Well being Secretary defends $200m mortgage to purchase mattress nets

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The Nigeria News Agency (NAN) reports that the Senate Committee on Local and Foreign Loans has opposed a proposal by FMOH to borrow $200 million under the malaria program to buy bed nets in the 2022 budget.

The committee’s conviction came in response to the Department of Health’s submission on its intention to borrow funds to purchase bed nets for 13 vulnerable states.

Permanent Secretary in the Ministry, Mahmuda Maman had justified the proposal before the panel by stating that “the loan, if approved and drawn down by the National Assembly, will be used to medically combat malaria in the 13 orphan states, comprising 208 local government councils and 3,536 primary health centers.”

Upset at his submission, Sen. Ibrahim Oloriegbe and other senators present pounced heavily on the permanent secretary.

Oloriegbe wondered why the proposed 2022 budget earmarked N450 million for malaria treatment when plans were made to borrow $200 million for the same purpose.

“This is unacceptable. We should be able to keep our feet on the ground when dealing with these donor organizations or creditors in terms of borrowing and use of the loans.”

In answering the question, the minister said that the amount in question was actually referred to a component of the World Bank-backed multilateral lending scheme and which involved the African Development Bank and the Islamic Bank.

“The project development was carried out by the Ministry of Health and the Ministry of Budget. The goal is for the Nigeria counterpart fund to complement a global malaria action plan.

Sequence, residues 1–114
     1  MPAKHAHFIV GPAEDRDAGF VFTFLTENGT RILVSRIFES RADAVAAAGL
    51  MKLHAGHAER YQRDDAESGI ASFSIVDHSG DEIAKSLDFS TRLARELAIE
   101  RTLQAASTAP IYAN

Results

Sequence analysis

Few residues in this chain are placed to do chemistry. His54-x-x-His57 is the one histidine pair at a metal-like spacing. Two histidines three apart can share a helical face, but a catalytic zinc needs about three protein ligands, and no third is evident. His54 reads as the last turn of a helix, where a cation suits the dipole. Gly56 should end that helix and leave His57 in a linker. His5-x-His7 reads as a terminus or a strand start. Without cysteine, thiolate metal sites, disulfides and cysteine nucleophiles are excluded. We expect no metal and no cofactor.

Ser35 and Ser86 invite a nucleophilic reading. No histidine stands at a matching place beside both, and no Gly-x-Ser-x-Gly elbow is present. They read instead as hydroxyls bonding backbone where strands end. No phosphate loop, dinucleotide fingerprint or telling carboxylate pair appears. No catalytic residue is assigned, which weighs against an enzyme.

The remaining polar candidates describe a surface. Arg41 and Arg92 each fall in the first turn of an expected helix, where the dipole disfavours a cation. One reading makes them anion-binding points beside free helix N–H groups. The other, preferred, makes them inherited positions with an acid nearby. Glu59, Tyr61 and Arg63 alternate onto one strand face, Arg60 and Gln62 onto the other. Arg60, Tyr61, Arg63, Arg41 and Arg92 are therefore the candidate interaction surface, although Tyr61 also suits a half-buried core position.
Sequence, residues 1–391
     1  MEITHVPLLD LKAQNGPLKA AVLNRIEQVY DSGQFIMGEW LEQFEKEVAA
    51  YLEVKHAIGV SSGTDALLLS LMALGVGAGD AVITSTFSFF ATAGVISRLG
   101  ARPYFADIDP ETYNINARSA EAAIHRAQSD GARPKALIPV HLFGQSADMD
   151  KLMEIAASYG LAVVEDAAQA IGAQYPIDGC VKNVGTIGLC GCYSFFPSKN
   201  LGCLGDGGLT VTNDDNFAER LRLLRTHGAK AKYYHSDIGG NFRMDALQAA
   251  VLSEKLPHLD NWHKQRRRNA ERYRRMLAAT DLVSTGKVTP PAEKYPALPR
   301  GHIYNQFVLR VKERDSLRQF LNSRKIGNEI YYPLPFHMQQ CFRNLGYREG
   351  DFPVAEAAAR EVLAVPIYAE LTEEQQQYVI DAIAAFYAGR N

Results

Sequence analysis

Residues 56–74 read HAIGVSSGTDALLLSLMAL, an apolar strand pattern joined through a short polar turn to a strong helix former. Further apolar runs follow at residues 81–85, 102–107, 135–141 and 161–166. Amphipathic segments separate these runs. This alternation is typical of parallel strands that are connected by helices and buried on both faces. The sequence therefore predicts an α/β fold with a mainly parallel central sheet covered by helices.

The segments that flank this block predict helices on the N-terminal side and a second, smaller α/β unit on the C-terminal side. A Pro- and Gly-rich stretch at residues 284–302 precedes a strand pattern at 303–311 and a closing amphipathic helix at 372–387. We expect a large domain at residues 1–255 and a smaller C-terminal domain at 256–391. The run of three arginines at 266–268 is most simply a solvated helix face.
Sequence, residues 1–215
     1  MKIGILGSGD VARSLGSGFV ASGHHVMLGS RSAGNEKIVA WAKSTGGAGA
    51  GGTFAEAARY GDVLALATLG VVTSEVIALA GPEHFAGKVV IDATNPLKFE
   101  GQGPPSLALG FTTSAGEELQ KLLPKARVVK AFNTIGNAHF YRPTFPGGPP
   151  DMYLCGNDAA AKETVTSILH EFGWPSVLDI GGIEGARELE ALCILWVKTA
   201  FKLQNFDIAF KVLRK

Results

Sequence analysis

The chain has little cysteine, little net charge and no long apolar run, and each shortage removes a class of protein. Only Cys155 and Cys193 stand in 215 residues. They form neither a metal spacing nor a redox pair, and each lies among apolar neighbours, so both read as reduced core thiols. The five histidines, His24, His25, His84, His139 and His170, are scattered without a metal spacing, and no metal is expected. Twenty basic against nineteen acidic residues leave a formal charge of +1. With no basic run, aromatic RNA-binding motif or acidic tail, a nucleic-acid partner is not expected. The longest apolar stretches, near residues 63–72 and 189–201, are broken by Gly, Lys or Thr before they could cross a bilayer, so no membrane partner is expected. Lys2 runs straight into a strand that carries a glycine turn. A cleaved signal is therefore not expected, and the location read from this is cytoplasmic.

“The main donors for this rollback malaria are three. The first is the US President’s Malaria Initiative, which has raised $295 million and will cover 11 states.

“The Global Fund to Fight AIDS, Tuberculosis and Malaria is earmarking about $400 to help further curb malaria in 13 states across the country, which are states that have no financial support for this program.

“In order for our partners to fully cover their funds, these 13 states must be covered on the condition that Nigeria commits $200 million to the 13 states for five years and this covers 208 LGAs, 3,536 PHCs and approximately millions of the population,” he explained.

Ehanire said experts estimated the money would avert 78,000 deaths, 14.5 million diseases from malaria and provide 17. 6millon malaria services in these states.

“It is important that only 26 percent of this is planned net. The money is housed in the Treasury and the Health Ministry is just helping,” he added

Meanwhile, the Director General of the National Agency for Food and Drug Administration and Control (NAFDAC), Prof. Mojisola Adeyeye also announced that Nigeria was on the verge of starting production of vaccines to fight disease outbreaks.

According to Adeyeye: “Nigeria is now closer to producing its own vaccine and won’t be because it doesn’t have a regulatory body.

“Reaching the global benchmark would not have been possible without some in-country actions by the agency.

“The Global Bench has about eight functions . These include, but are not limited to, laboratory testing, market approval, market control, regulatory inspection and vigilance.

“We were asked to expand our laboratory. We have expanded the drug lab in Yaba and the vaccine lab is being built.

“The list that the WHO gave us says we have 868 recommendations. That number came from self-examination and that was in January 2018,” she explained.

Adeyey said the agency found through self-examination that the template the WHO gave the country had 868 conditions to be met by Oct. 15.

“We have complied with these recommendations. However, WHO needs to come physically to work through our facilities and announce that we have reached maturity and that won’t be too far from now.

“In terms of the new standard in terms of vaccine production, science is not static, it is dynamic, medical science is not static, we previously produced a yellow fever vaccine in Nigeria.

“The rules have changed and the rule is that anyone who wants to make malaria vaccine has to have a strong regulator. That’s why we had so many recommendations that we worked to fulfill,” she added.

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